Customer satisfaction is the number one way to ensure your continued success as a managed IT services provider (MSP) – and a customer satisfaction survey is one of the best ways to see how you’re performing. The data from a customer survey offers extremely valuable feedback, which you can funnel back in to your business to improve your service offering. However, writing an effective survey that people will actually fill out can be a real challenge. Here are a few tips for getting started.
Why Surveys Matter
Surveys are important not just for MSPs, but for their clients as well. When customers fill out a survey, they understand that their opinion matters to you and their comments are valued. At the same time, their answers help you improve your services, because you’ll receive objective metrics that help you better tailor your offerings.
As an example, if you were considering the benefits of outsourcing your help desk, you’d want to ask potential help desk providers a few questions first to establish their expertise and get a better idea of the big picture:
- What’s your average speed to answer (ASA)? This lets you know how long callers are waiting before they get to a representative.
- What’s your abandonment rate? How many inbound callers give up before getting the help they need.
- What’s your first contact resolution (FCR)? First contact resolution stats have a huge impact on customer satisfaction that shouldn’t be ignored.
Just getting answers to these three questions give a good indication of your provider’s level of efficiency and effectiveness, both of which are related to your clients’ satisfaction.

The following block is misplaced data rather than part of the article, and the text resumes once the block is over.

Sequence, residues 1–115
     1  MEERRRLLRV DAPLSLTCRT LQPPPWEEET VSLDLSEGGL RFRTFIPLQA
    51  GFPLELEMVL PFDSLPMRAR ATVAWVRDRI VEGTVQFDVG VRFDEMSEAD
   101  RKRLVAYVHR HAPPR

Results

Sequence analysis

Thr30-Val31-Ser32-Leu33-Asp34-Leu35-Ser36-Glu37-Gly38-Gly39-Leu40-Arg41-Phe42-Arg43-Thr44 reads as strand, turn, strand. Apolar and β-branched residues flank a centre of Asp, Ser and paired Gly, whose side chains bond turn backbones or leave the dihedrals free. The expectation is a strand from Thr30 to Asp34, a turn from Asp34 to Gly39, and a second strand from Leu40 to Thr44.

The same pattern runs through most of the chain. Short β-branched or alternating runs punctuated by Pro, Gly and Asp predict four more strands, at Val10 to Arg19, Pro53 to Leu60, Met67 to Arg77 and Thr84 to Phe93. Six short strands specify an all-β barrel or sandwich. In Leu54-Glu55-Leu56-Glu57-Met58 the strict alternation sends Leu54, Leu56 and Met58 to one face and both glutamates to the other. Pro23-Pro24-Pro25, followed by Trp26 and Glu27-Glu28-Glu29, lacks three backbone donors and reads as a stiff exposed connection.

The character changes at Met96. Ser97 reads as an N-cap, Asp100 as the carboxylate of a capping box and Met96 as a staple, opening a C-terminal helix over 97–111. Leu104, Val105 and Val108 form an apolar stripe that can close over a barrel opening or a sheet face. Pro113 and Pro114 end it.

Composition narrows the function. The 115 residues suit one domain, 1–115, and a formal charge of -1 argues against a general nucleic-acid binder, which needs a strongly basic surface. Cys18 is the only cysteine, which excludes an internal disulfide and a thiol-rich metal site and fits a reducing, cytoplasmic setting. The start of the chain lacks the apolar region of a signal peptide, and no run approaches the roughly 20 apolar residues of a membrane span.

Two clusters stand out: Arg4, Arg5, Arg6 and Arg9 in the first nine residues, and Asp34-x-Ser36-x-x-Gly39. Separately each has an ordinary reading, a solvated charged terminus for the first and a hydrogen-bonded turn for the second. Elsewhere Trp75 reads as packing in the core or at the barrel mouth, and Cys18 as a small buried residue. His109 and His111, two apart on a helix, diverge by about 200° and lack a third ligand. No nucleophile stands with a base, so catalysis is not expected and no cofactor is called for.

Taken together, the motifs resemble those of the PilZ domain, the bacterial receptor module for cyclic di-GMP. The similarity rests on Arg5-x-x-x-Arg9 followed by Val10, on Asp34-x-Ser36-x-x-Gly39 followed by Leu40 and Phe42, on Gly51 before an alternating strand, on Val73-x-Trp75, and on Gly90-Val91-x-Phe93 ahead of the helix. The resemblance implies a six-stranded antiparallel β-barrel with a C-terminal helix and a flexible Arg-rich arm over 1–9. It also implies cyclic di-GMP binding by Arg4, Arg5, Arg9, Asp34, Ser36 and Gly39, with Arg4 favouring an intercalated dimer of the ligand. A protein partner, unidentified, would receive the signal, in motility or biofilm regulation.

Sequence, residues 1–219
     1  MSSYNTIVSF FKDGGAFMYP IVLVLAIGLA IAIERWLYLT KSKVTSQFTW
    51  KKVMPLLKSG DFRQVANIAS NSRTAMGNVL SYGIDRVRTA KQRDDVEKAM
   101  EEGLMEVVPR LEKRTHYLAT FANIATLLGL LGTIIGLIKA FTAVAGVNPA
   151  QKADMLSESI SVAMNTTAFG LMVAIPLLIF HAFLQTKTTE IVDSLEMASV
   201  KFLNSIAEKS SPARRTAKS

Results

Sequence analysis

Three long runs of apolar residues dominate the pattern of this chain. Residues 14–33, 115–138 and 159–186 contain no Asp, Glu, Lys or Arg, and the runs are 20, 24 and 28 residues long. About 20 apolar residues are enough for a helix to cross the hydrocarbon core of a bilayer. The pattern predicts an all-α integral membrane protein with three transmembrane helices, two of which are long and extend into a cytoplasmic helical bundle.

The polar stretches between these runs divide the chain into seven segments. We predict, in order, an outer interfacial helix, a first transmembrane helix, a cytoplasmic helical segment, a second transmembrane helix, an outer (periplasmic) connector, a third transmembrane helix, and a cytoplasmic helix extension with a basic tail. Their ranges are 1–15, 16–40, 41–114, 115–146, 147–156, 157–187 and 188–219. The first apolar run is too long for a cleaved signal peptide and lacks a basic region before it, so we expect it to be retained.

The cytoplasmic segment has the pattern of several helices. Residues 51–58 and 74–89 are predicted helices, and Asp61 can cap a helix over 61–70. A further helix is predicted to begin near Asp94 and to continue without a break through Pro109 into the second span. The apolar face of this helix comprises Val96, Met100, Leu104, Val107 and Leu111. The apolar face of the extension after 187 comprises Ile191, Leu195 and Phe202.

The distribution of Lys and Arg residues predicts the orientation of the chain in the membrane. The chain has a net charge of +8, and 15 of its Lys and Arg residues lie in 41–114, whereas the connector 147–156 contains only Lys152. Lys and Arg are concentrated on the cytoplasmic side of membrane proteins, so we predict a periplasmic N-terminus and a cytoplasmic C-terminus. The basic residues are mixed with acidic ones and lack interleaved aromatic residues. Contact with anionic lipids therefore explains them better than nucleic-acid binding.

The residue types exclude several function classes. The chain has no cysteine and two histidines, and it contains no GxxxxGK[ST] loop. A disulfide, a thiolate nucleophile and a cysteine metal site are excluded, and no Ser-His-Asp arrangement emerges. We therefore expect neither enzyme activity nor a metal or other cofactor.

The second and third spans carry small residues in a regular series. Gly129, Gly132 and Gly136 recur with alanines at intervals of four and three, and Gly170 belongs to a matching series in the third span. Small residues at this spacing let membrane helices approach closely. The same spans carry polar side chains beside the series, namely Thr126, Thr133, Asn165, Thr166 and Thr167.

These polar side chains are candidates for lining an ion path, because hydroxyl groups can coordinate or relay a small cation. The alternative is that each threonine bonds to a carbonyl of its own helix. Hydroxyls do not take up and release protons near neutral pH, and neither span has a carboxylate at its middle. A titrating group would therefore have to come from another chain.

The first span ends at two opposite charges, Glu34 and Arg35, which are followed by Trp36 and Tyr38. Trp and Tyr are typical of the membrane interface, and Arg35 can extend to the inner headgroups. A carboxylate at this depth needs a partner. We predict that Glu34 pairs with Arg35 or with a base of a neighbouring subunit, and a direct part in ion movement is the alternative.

Tips for Writing Your Own Surveys
Before writing your own survey questions, keep in mind that your metrics need to reflect both quality and quantity. An important metric you should be able to calculate from your survey is Net Promoter Score (NPS). This tells you how likely a client is to recommend your services to a colleague or friend, and how loyal your clients are to your services.
Keep in mind, this is a very difficult scale to rank well on! Ultimately, this tracks how likely people are to actively promote you to their peers (hence, the name).
To calculate NPS, ask your clients how likely they are to recommend your services to a friend, and give them a scale of 0 to 10 (0 being not likely at all, and 10 being extremely likely). Then, you break your responses into 3 categories:
- Promoters – those who gave you 9 or 10.
- Passives – scored you at 7-8.
- Detractors – scored you 0-6.
To calculate your score:
NPS = [% of Promoters] – [% of Detractors]
Clearly, it’s very hard to score well on this scale, given that you need a higher percentage of 9’s and 10’s than 0-6. However, if you can score positively, it shows that you have a loyal customer base that will help promote and grow your business.
For more info on NPS and what it means, click here.
NPS isn’t the end-all, be-all of metrics. While it is useful, there are a number of other important metrics you can learn from a customer survey. Start by mapping out exactly what you want to learn, and ask appropriate questions to find those answers.
- Are your clients happy with your service offering?
- How do they feel about a specific service?
- How do they feel about your prices? Do they think they’re fair?
- What do they think of their account rep or service technician? Do they think they’re a capable employee?
- What areas of your business can you improve? Where are you falling short?
These can all be answered using qualitative or quantitative metrics (or both). Ask your clients to rate your services on a scale, or describe how they feel.
Other Question Considerations
Here are some other considerations you should keep in mind when designing surveys to ensure that you get the most out of them:
- Keep survey length in mind. I’m sure there’s A TON you want to know from your clients, but remember that the longer the survey is, the less likely someone is to fill it out. Make sure you only ask the most important questions and be efficient in how you ask them.